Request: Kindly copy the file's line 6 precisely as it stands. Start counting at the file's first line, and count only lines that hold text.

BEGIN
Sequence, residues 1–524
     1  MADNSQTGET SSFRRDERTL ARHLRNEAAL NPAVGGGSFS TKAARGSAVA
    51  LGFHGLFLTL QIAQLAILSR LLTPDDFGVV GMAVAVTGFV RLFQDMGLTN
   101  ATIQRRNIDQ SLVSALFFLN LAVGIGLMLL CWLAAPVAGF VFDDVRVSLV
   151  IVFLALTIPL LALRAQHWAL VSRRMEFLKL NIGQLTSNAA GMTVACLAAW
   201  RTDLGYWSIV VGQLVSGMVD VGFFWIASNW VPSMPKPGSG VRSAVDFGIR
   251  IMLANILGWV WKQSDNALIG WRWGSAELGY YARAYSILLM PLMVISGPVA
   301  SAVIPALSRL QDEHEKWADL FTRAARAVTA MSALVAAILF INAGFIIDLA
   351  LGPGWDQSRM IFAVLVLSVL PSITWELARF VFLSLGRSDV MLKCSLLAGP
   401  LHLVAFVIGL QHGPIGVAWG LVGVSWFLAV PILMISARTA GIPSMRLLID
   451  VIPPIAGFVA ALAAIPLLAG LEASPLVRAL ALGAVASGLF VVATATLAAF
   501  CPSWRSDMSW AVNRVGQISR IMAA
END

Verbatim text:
   201  RTDLGYWSIV VGQLVSGMVD VGFFWIASNW VPSMPKPGSG VRSAVDFGIR